(Paducah, March 16, 2011) - Close to 200 local residents turned out to hear arguments for and against a requested zone change from rural residential designation to heavy industrial to allow a coal terminal to locate in West McCracken County. The coal company has teamed its request with one from Secure Energy, which proposes to change coal into liquid fuel.
In his opening remarks, attorney Mark Whitlow, arguing for for Southern Coal Handling, told McCracken County Planning and Zoning Commissioners that the initial designation of rural residential was inappropriate.
That was not pleasing to home owners living in the area for years.
If the zone change is granted, the coal terminal will be located outside his front door according to local Chad Cash.
He told the Commission that he and his wife built their home in the area for the peace and quiet. He showed the Commission a giant reprint of a Paducah Sun article about his family and home entitled “Peace and Quiet in West Paducah.” The noise of trains and trucks coming and going to the coal terminal would go night and day.
The Cashes’ son has asthma, according to Teresa Cash. She said that he wakes up in the night now unable to breathe. She fears the dust from the coal facility will make his life and theirs unbearable.
Southern Coal Handlers’ business director, Mike Fitz, said that his company plans to make a twenty million dollar investment and hire fifty fulltime workers with an average salary and benefits of $60,000.
Secure Energy is in the “preliminary stages” of development according to company representative Lars Scott. Coal to liquid is in beginning stages at a facility in Decatur Illinois. The facility will be bigger in Paducah.
One of the draws for Secure Energy is the Kentucky Energy Incentive Act which promises to large incentives to companies that use Kentucky coal to lessen US dependence on foreign oil. Secure Energy is looking to get funds from the state for their program.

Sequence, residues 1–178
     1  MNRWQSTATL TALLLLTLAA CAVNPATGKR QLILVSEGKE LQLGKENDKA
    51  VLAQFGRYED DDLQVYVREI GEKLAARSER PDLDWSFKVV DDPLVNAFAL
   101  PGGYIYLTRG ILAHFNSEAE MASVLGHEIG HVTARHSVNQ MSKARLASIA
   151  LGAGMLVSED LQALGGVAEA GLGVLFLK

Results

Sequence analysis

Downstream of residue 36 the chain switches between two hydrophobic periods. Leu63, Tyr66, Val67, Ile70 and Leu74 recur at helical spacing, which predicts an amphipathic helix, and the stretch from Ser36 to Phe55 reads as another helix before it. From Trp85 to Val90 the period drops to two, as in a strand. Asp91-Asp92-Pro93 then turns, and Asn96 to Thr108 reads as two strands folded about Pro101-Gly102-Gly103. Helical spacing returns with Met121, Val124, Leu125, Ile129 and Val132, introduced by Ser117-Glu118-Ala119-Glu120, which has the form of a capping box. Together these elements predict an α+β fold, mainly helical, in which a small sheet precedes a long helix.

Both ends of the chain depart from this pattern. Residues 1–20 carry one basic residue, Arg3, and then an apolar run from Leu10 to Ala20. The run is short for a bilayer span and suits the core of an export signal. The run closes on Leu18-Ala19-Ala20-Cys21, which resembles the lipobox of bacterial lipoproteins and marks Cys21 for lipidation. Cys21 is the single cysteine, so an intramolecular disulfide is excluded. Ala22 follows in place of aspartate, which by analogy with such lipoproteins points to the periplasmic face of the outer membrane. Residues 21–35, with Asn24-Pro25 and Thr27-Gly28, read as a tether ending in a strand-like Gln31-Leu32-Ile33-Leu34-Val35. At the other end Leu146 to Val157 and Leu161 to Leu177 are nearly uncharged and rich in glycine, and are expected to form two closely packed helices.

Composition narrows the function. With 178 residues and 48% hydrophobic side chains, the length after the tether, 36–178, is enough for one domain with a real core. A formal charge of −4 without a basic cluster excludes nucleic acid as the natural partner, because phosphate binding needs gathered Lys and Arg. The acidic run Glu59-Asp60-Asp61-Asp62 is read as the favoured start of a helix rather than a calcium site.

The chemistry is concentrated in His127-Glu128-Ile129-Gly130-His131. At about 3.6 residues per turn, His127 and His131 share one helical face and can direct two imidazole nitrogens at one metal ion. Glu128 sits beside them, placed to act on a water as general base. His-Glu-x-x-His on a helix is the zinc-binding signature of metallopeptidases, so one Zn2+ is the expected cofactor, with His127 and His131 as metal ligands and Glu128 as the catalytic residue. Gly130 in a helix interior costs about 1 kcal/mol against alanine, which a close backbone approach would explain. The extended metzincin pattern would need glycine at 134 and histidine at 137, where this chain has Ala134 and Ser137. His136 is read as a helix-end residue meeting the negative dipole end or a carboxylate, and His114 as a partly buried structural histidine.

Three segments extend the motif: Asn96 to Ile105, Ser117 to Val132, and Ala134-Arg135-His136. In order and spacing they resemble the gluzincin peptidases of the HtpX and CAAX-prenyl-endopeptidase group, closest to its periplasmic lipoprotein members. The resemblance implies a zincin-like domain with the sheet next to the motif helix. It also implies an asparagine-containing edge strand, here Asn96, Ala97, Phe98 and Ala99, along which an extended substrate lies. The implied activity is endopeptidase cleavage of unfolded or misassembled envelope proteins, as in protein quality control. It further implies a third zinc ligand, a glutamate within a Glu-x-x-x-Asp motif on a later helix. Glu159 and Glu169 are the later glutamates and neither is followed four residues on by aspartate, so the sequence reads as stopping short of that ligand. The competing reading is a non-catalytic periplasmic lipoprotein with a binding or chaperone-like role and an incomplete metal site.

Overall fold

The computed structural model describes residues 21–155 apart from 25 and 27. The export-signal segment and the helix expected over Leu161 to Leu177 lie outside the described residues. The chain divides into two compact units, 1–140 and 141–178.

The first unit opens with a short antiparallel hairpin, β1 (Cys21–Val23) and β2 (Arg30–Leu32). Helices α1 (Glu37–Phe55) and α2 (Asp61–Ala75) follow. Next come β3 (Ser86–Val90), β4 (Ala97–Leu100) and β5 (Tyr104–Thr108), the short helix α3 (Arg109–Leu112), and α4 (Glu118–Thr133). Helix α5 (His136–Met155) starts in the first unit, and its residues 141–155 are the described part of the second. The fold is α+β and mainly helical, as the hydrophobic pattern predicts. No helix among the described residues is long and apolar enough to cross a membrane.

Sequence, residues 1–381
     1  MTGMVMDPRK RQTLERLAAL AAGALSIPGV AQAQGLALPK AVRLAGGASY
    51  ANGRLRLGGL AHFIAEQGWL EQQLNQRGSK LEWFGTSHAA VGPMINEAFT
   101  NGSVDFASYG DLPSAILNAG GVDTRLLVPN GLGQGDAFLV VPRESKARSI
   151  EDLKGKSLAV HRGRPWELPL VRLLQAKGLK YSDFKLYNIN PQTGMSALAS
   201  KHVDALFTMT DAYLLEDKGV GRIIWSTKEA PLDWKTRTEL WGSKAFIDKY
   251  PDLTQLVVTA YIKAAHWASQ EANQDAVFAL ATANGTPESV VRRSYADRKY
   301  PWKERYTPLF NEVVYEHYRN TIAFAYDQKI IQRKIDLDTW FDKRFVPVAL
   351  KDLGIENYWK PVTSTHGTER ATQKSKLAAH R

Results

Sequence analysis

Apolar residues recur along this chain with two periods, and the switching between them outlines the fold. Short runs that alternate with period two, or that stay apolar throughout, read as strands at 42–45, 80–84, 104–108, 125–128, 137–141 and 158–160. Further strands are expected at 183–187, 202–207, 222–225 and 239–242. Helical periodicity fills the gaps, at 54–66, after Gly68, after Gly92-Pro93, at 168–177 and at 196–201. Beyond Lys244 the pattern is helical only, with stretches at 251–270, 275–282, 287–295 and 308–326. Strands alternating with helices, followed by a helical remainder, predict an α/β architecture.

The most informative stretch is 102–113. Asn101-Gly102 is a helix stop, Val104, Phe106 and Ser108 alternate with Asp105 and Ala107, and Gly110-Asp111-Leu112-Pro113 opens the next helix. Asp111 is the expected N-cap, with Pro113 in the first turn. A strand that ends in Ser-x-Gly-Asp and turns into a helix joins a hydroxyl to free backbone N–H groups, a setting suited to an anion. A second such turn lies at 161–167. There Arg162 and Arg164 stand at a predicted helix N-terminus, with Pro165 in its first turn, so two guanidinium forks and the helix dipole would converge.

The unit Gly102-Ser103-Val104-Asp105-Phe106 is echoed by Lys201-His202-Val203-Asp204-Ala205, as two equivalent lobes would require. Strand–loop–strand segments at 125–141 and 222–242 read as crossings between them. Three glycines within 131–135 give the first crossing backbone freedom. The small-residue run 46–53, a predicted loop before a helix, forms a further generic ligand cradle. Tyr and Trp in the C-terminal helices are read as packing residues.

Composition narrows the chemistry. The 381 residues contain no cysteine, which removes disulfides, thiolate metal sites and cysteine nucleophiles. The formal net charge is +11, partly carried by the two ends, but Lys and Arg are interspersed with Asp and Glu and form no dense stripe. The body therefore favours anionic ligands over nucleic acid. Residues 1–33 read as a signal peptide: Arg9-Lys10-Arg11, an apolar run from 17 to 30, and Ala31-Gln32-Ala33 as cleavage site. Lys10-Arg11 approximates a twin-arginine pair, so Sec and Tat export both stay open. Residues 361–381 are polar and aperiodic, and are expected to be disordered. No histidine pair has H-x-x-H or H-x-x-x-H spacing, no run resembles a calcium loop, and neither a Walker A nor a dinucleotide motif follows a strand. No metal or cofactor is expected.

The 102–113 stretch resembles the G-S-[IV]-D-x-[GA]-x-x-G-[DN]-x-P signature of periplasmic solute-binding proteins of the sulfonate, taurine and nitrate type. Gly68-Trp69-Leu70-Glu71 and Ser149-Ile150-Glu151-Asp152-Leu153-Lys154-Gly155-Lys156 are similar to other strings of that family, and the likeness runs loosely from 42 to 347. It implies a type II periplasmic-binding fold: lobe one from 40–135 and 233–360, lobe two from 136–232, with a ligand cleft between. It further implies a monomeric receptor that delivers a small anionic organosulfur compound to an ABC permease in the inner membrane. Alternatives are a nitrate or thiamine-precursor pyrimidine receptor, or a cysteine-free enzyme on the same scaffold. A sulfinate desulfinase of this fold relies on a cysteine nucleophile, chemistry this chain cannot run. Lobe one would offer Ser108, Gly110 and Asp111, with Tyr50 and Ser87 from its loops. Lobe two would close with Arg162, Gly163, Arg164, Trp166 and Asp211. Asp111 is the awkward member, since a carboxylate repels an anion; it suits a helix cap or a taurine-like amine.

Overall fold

Among the opponents to the zoning change were neighbors across the river from Paducah, Harrah’s Casino and its home city, Metropolis, Illinois. Harrah’s is not excited about having cars in their parking covered in coal dust while patrons are inside. They predict that visitors will not return after such an experience. Harrah’s reminded Paducah that their visitors eat, shop and buy gas in Kentucky. Metropolis is developing a riverfront which will be across from the coal facility.
Dianna Riddick of the Sierra Club reminded the Commission that the reason companies like Southern Coal Handlers come to the area is “location, location, location. We have the water they need.” That, according to Riddick, is a more precious resource than coal.
Sierra Club members in attendance with Riddick carried signs that said simply “No.” Riddick urged the Commission to “just say no” to the zone change.
One attorney told the Commission that light pollution will be a major problem. Constant operation of the terminal and security will necessitate major lighting of the site.
“It will be Motel 6- the light will always be on.”
Several speakers complained that half of the requested site is under water, with current flooding of the Ohio. When the site floods, coal will be covered by the river. Others told the Commission that the road into the area was inadequate to handle heavy industrial traffic.
Tyler, LLC, a bottling plant that recently closed, is for sale and one of its owners complained that a coal terminal will make his property unsellable. Food and beverage industry and coal do not mix, he said.
The Planning and Zoning Commission is allowing attorneys for all sides to submit final briefs before issuing a decision in the request.